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Ambler Tennis Courts (near Wilson) will be offline starting July 19 and re-open on September 9, 2024. Wilson's basketball courts and track continue to be offline through the remainder of the Summer.


Special Olympics is the world’s largest sports organization for children and adults with intellectual and physical disabilities. Sport trainings and athletic competitions are held all year long, which not only provides opportunities for physical activity, but also development opportunities, joyful experiences, and lifelong friendship. Unified Sports unites people with and without intellectual or physical disabilities on the same team. It is inspired by and promotes understanding, acceptance, inclusion, and community.

In 2013, a group of eager Duke students formed the Special Olympics (SO) Club. At this time, the SO Club on campus was very robust with over 100 members registered. As participation continued to grow, partnerships between Duke Recreation and Physical Education, Durham County Special Olympics, and the SO Club were formed.

With the help of club officers, the Duke University Unified Sports program began with the inaugural Spring 2017 Basketball season. The following season the program grew and added a Unified Flag Football league for the fall semester.

Duke’s Special Olympics Unified programming has continued to draw in student volunteers and athletes in the Durham community for almost a decade. One of the highlights of the program has been the incorporation of the annual Unified Basketball Rivalry game, where Unified teams at Duke and UNC-Chapel Hill play against each other.

This year on February 3rd, Duke Rec & P.E. and the SO College Club planned and organized the Unified Rivalry game at Brodie. The game was fun and spirited and several special guests supported the event, including Duke AFROTC, Pitchforks, Dancing Devils, and the Duke Blue Devil mascot! The event united athletes, partners, and fans from both Duke and UNC-Chapel Hill. ESPN College GameDay even got some footage and was shared during the show the next morning.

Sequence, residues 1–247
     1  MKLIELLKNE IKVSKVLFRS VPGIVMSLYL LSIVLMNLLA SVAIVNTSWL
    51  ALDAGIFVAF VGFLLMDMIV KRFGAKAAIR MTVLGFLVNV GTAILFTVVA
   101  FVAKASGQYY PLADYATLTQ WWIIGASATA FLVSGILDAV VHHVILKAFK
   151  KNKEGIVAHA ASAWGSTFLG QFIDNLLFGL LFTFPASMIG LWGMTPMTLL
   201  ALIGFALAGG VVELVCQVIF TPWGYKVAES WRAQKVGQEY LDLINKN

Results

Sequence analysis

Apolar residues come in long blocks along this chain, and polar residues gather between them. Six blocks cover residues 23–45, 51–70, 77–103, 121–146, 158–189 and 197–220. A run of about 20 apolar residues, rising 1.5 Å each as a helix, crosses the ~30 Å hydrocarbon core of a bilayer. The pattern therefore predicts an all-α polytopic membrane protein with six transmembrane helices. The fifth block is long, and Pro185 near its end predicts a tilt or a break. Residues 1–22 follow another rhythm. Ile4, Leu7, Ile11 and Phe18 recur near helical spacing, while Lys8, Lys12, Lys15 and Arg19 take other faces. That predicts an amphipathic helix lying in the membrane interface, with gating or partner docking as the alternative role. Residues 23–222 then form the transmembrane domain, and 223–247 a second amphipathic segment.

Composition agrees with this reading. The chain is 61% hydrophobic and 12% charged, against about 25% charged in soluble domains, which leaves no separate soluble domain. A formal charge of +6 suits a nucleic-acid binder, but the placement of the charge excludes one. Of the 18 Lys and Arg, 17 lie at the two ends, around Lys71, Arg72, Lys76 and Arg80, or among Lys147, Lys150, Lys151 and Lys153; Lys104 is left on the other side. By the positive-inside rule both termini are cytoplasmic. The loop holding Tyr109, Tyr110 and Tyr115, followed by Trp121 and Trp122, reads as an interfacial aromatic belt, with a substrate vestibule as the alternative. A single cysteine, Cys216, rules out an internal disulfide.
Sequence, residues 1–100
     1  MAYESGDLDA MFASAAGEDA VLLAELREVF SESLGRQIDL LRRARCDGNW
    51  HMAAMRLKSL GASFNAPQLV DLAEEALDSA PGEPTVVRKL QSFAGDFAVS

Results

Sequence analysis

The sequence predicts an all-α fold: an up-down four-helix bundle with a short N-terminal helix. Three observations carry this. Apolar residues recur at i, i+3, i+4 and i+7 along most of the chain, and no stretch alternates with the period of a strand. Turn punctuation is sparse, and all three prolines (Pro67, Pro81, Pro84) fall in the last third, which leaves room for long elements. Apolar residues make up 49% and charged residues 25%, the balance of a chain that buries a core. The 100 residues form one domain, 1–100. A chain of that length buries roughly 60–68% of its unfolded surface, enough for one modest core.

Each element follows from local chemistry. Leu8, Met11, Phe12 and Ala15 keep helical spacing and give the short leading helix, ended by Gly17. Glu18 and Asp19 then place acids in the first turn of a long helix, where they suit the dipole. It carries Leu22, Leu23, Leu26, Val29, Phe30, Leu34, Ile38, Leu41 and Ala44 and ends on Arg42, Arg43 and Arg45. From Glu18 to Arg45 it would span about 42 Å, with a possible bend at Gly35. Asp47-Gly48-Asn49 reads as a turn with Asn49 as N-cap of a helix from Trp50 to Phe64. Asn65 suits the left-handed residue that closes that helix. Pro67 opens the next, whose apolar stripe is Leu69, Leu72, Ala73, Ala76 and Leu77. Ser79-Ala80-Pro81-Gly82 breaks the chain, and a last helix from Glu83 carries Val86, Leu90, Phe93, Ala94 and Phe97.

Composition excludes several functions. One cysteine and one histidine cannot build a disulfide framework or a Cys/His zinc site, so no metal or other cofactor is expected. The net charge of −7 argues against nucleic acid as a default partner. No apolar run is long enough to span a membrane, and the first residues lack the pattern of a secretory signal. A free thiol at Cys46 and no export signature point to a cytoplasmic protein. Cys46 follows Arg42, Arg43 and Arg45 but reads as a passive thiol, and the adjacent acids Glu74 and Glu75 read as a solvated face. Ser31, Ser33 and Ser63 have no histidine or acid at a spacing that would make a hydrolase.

Duke SO College Club President, Sarah Kelso, said “It was really cool to play on a Duke team against UNC and feel what’s it’s like to be in a rivalry game with such a long history!”

As members of the team, Duke students get to meet people outside the Duke community and form friendships that can last beyond their four years at Duke. During extra practices for rivalry games, students have the opportunity to play at a local gym in Durham, a unique part of forming a team with the community outside of Duke. Creating these long-standing relationships is a great part of the engagement within the club, and truly adds to the emphasis on inclusion between both Duke students (partners) and Special Olympic athletes.

Creating an equal playing field by making sure everyone is involved benefits the entirety of this team setting that is formed. Throughout the warmups before games, team huddles during in-game timeouts, and post-game debriefs, there is constant communication between team members, and everyone receives input on how to be a better-positioned player as a team member. The executive staff and other students involved have always enjoyed the weekly events with the athletes and should continue to expect similar results for years to come as the SO club expands further in the Duke community.

If you are interested in being a member of the SO College Club and participating in Unified Sports, you can email the Intramural Sports Office.

Image Credit: Duke Recreation & Physical Education, Fall 2022